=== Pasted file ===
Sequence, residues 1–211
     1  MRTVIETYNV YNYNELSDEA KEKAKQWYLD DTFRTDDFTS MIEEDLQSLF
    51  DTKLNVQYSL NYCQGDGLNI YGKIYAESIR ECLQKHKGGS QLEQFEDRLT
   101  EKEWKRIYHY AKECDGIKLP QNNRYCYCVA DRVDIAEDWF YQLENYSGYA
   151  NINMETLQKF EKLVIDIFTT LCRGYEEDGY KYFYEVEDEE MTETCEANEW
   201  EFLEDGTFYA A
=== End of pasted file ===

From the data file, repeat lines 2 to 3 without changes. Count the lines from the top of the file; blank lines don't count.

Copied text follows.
     1  MRTVIETYNV YNYNELSDEA KEKAKQWYLD DTFRTDDFTS MIEEDLQSLF
    51  DTKLNVQYSL NYCQGDGLNI YGKIYAESIR ECLQKHKGGS QLEQFEDRLT